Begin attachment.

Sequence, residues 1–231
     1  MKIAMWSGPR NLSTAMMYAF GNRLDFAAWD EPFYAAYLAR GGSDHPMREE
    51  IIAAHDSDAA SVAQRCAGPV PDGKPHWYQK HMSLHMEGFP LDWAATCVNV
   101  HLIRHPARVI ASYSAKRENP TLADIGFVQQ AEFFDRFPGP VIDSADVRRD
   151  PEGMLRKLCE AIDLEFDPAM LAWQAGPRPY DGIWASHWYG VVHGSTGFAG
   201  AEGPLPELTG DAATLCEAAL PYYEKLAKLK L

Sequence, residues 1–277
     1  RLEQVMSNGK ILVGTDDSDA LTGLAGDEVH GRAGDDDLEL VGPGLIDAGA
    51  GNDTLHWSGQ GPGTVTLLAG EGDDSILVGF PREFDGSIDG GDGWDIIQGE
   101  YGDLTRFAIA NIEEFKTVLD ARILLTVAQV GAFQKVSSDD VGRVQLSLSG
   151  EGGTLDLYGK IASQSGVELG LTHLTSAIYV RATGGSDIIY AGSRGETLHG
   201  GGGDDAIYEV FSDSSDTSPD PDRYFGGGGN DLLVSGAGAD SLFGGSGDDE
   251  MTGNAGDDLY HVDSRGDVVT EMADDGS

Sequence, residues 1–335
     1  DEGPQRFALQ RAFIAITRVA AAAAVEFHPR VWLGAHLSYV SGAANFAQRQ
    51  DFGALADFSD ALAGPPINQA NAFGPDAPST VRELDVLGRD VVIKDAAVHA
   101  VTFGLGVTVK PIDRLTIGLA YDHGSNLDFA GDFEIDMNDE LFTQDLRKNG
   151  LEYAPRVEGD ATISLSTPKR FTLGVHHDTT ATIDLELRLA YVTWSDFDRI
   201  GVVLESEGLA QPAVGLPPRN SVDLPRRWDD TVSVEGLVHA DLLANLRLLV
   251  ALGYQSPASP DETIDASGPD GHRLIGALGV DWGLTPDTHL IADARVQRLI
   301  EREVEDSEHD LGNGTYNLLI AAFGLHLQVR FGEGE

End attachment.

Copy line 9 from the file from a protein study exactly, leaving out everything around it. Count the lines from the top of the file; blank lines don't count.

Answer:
    51  GNDTLHWSGQ GPGTVTLLAG EGDDSILVGF PREFDGSIDG GDGWDIIQGE